I forgot what state we were in today, but Illinois and Missouri border each other and they have a lot of similar letters, and similar letter structures like repeating consonants, so I don't feel that stupid.
We left Kansas today without Tatum. It was sad, I really wanted to say "I don't think we're in Kansas anymore, tatum" on a bike. But there were no tornados and Tatum is gone, so I just watched videos of her on my iPhone instead.
Mary and I were thinking about taking a shorter route through Arkansas. We had no maps for it, so we prepared by researching hick towns in Arkansas with a plan to visit the creepiest. We planned a route through the kkk's current most active county. Then we went and saw "The Dark Knight" in Wichita, spent one night in a shady trailer park, and decided to get back on the Trans-America bike route through Missouri instead.
The route is well known and there are several other cyclists. It feels a lot safer, and all the small towns we pass through on-route are accustomed to bikers coming through. Off-route we have to explain ourselves thirty times a day. The people are great, but having the same conversation about who we are and what we are doing gets hard.
Speaking of how great the people are, a few days ago we met a man at a gas station who pulled us over five miles later because he'd bought a ten dollar sunscreen for us since our backs looked red. He didn't know that the night before someone had stolen Mary's purse with our sunscreen inside, and he wasn't flirting or anything. Just buying us sunscreen and going home (he had to do a u-turn to go home, so he drove out of his way).
Another man stopped on the highway to give us six bottled waters.
Another knocked on our tent with a Tupperware container of Tri-tip steak when we were camping.
Another knocked on our tent with tortillas, pork chops and sausage.
There have been so many kind people we've ran into, and so many kind people warning us about dangerous people. We haven't had any shady encounters, and it makes me feel differently about Society. It's sort of humbling.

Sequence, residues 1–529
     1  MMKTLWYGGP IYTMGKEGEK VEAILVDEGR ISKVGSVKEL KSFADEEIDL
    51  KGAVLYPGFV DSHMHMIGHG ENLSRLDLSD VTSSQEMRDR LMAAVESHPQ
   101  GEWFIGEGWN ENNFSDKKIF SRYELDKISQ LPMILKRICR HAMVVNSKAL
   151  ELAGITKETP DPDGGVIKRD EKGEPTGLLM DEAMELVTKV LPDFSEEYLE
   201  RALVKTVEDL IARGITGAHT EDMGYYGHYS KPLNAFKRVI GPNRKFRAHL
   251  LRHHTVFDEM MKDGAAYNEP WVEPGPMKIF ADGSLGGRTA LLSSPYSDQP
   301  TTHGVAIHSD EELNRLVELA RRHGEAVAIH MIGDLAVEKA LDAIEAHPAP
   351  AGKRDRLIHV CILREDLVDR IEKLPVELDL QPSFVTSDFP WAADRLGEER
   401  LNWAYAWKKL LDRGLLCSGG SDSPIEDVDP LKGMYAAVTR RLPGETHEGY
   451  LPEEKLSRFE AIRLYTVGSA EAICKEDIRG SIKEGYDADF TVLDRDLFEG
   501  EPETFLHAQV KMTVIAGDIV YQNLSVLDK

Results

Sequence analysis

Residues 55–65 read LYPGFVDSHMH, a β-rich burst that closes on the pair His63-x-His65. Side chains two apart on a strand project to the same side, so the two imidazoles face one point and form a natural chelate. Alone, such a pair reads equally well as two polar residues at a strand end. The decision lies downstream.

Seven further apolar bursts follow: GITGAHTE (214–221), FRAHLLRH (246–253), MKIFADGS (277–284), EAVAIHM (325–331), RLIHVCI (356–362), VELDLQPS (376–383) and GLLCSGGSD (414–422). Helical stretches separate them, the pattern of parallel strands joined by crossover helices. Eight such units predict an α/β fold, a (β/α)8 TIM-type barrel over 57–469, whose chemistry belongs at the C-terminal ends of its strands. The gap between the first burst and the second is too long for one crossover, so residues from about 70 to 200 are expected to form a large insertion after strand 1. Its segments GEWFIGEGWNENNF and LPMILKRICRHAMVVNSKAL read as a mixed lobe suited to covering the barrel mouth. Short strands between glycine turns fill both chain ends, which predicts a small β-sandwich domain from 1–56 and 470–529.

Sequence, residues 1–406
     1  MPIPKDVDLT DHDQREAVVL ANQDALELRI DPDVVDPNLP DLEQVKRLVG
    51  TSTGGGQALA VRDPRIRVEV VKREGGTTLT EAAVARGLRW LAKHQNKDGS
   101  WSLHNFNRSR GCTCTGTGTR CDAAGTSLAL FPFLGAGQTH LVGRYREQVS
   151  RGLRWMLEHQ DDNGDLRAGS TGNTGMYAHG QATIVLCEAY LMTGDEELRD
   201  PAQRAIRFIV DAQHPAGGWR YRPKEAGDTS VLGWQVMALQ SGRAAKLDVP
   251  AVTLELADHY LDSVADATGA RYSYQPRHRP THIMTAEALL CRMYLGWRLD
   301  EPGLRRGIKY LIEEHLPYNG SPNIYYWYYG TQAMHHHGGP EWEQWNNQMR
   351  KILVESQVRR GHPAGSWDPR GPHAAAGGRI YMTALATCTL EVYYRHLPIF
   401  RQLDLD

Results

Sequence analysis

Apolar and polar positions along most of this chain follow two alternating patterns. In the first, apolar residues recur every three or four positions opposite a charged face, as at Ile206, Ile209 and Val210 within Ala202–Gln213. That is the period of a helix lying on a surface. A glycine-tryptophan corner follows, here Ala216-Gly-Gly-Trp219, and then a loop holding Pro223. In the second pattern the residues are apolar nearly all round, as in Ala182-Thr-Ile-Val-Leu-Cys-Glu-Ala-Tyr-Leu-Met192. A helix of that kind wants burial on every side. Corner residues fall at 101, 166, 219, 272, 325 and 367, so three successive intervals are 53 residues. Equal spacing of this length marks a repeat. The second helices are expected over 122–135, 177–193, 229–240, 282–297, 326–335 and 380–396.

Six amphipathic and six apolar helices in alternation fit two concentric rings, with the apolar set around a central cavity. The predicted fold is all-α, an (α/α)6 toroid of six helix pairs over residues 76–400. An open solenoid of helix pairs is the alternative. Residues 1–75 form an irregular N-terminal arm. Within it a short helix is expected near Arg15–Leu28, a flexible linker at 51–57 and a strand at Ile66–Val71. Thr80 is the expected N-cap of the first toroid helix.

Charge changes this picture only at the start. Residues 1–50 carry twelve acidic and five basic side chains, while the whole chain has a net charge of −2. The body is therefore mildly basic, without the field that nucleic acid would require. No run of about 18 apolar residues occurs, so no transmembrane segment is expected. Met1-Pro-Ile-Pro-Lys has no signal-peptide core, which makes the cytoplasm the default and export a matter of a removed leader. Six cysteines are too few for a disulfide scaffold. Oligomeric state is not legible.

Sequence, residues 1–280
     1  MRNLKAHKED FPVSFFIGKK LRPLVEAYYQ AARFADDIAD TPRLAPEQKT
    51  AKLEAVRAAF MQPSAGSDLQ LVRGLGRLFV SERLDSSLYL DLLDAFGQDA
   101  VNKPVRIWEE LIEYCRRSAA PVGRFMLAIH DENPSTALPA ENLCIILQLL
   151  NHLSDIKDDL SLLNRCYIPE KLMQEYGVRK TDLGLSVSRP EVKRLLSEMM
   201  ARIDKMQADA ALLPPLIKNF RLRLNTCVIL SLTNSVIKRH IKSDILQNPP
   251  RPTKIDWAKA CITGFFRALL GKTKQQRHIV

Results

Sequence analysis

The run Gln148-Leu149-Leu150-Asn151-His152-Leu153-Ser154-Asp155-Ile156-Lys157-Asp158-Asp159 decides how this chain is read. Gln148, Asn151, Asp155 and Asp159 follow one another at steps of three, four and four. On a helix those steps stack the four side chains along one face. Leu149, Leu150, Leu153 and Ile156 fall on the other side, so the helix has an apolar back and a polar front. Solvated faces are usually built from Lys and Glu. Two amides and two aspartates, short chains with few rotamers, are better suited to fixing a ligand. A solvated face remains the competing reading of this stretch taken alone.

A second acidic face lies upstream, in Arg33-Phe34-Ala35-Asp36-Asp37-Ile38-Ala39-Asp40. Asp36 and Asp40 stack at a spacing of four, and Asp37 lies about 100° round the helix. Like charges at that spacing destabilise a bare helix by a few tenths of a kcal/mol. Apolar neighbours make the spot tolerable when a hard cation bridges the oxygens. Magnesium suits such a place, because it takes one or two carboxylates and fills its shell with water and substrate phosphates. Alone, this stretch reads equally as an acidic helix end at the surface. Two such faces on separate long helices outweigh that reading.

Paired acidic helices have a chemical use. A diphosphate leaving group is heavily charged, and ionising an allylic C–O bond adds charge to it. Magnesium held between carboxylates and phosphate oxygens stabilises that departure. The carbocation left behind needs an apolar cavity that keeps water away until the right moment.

We've only been on the road a month and a half, but whenever people stop to offer something I start to think about how I can't wait to have a structured life again, to work and live somewhere with an air conditioner, and to have something to offer someone. I hope I will be more generous when I am through the bike trip than I've been before.
We are in the Ozarks now. When I was in third grade I remember getting obsessed with the Ozarks and picturing living here with a pet armadillo. We haven't seen any live ones yet, but a lot of dead ones. And dead turtles, and ferret-things. I am glad we visited the Ozarks.
We're camping in an rv sight tonight that we snuck into. There's a public pool that's closed so we plan on hopping the fence a few (more) times. I wish it were open, instead. I would pay two dollars. Every time someone does something kind I swear I'll stop breaking minor laws. But then it gets hot.
If we take a direct route, we are only 700 miles from new Orleans now. I am excited to arrive, but fear adjusting back to society. Spending this time on the fringe of american society, it will be hard to go back to wearing real clothes, sleeping in a bed, and working each day. We usually take days off once a week in major cities, but cities have begun to feel foreign. It is a funny balance; all the unpopulated ghost towns we pass are depressing, but all the major cities are disorienting with so many stores and entertainment options. .